In this postimplementation study of a CDSS to enhance asthma management in a pediatric pulmonary clinic, we found that computerized CDSS assessments were accurate compared to expert clinician review in 80% of all control assessments, 66% of all severity assessments, and 39% of all step recommendations. Practicing pediatric pulmonologists failed to strictly follow guideline recommendations in 8% of return visits and 18% of new patients.
The reasons providers and the computerized CDSS disagreed were quite different for assessments of control versus severity. The majority of control variances were caused by providers attributing asthma-like symptoms such as cough to other conditions such as allergic rhinitis, gastrointestinal reflux, or acute upper-respiratory infection. Since the computerized CDSS was designed always to treat these as asthma-related, it tended to assess patients as being less well controlled than providers thought they were. By contrast, many disagreements about asthma severity were caused by the fact that many of the ‘new’ patients arriving for subspecialty consultation had in fact already been diagnosed and treated. According to the EPR-3 guidelines, severity assessment in these patients should take into consideration existing medications. This was not feasible for the CDSS and therefore led to additional errors.
Analysis of variances between computerized CDSS assessments and clinician assessments can provide insights into areas for improvement in decision-support design. Our taxonomy of reasons for discrepancies between provider and computerized CDSS assessments identified some obvious gaps in the design of the CDSS that could be quickly remedied to improve its assessment capabilities. For instance, modifying impairment questions to ensure they are asthma-specific (ie, changing ‘any cough symptoms’ to ‘any asthma-related cough symptoms’) would immediately eliminate half the disagreements about control. It is notable that these flaws existed in the system, despite integral involvement by practicing pediatric pulmonologists from the start of the design phase, as recommended by informatics experts.28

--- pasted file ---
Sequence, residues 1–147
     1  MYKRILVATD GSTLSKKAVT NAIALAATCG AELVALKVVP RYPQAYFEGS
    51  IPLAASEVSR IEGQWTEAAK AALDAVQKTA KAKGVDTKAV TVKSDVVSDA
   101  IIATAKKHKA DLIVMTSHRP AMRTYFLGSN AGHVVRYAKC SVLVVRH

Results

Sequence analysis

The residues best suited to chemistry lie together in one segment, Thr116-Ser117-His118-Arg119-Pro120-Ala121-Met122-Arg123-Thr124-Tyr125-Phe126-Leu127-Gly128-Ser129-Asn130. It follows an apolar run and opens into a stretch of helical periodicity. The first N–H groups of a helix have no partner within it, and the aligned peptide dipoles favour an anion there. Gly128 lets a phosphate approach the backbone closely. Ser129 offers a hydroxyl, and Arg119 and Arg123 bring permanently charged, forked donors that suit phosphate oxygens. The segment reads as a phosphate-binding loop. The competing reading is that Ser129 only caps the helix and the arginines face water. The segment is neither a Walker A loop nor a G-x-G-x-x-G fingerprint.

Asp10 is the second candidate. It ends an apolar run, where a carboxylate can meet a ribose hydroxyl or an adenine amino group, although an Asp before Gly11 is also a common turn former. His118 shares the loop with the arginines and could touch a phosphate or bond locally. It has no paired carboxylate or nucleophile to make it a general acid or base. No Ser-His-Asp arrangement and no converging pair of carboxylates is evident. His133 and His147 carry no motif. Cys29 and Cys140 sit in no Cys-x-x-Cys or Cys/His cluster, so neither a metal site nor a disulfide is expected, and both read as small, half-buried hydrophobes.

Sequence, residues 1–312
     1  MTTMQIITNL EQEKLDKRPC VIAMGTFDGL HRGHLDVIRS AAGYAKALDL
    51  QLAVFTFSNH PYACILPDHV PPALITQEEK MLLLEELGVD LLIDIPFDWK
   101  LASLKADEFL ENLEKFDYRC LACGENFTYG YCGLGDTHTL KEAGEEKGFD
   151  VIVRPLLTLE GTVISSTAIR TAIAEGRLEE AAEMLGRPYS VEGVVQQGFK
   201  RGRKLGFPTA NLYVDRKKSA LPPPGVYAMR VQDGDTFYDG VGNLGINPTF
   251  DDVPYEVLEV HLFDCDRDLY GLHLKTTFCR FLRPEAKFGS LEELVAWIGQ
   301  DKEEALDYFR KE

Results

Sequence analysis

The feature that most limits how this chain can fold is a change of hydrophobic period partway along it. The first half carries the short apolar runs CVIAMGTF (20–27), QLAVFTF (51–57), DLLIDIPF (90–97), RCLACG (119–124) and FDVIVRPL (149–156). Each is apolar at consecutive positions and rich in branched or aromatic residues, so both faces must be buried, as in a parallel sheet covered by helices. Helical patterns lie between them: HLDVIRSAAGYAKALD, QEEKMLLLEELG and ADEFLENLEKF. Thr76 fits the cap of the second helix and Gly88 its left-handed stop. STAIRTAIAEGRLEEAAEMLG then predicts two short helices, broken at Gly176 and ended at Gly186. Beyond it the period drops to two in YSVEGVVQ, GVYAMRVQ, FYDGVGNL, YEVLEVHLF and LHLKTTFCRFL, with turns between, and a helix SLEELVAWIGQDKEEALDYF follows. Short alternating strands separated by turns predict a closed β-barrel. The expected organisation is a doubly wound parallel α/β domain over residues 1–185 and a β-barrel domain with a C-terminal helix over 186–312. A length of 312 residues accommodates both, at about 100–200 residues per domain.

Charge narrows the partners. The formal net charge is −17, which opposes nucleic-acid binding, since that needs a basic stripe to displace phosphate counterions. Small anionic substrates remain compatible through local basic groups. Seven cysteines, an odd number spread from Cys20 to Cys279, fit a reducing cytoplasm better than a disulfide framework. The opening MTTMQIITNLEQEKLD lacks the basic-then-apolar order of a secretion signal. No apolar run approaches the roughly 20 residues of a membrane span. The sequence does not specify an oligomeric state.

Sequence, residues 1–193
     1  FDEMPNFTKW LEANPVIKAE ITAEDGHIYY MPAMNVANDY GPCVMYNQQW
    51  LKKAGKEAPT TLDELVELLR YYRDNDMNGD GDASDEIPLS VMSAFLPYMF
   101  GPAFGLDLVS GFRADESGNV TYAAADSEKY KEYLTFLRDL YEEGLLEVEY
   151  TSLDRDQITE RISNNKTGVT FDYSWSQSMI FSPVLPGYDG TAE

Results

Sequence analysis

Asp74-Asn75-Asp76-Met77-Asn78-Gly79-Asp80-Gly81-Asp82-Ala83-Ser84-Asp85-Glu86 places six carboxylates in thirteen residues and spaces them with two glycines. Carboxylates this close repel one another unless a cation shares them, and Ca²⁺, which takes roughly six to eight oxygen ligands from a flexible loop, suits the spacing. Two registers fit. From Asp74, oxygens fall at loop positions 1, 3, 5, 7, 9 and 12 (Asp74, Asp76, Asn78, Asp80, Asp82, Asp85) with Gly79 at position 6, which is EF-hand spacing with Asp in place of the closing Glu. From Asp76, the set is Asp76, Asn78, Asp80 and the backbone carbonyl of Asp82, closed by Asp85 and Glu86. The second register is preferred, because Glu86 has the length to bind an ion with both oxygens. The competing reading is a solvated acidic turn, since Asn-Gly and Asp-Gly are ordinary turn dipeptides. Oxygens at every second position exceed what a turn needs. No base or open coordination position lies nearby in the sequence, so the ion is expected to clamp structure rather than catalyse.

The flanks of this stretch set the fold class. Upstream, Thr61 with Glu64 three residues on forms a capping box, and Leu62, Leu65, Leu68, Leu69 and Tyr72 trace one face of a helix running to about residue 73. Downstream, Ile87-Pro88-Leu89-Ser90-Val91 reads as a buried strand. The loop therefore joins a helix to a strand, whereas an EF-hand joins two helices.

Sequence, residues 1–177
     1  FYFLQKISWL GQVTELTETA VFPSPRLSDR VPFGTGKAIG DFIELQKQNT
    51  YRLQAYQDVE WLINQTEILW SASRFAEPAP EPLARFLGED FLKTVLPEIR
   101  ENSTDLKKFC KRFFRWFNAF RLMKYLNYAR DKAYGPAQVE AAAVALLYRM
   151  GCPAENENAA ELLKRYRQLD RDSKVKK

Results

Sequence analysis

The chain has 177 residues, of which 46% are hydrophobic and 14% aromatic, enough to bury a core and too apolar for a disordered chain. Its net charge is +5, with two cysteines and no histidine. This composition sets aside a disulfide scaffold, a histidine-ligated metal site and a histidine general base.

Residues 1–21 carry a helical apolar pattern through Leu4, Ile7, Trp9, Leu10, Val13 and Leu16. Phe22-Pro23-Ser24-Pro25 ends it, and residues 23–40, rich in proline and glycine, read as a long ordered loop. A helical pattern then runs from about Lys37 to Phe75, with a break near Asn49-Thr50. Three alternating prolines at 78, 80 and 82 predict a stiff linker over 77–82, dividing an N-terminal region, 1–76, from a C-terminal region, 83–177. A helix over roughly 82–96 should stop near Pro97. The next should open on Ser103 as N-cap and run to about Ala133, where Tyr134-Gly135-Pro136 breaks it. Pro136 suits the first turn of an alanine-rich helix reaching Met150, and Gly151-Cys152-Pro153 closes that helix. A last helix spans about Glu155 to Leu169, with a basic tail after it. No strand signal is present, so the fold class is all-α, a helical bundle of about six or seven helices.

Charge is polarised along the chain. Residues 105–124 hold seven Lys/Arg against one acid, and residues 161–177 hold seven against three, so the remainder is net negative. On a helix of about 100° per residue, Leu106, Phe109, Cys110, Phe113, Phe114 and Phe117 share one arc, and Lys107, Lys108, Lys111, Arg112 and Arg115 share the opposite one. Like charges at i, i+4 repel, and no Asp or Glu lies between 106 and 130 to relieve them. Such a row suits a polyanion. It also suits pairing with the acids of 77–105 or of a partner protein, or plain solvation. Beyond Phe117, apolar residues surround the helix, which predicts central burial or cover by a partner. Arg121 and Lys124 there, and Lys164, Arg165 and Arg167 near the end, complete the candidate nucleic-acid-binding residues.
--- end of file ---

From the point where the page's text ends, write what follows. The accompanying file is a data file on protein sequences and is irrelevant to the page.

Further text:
Our study thus demonstrates the critical importance of carefully analyzing the reasons for practicing clinician disagreements with decision support in the postimplementation period in order to improve design and effectiveness. Unfortunately, although the value of postimplementation audits is well recognized,29
published reports of computerized CDSS interventions typically lack such information.
Our analysis of disagreements between the computerized CDSS and clinician assessments also gave us insight into clinical care provision. About a third of disagreements about severity or control were attributable to provider errors. Other studies have shown that computerized CDSSs may be more accurate than clinicians.22
Although guidelines may legitimately be disregarded in certain clinical contexts, it is notable that those who were most often at variance with the computerized CDSS were the least clinically experienced providers: pulmonary fellows. Consequently, we believe it likely that these events represent true deviations from appropriate care, demonstrating that even clinical experts may derive some benefit from computerized CDSSs. Furthermore, it is impossible to determine how many assessments were altered in real-time by providers who noted the computerized CDSS recommendations and may therefore have improved their care.
Lastly, analysis of disagreements between computerized CDSS and clinicians also gives us an insight into CDSS capabilities. Most computerized CDSSs provide one-step alerts or guidance based on relatively simple rules (ie, suggest pharmacotherapy for LDL above goal if diabetes is in the problem list).21
These are typically modestly effective.32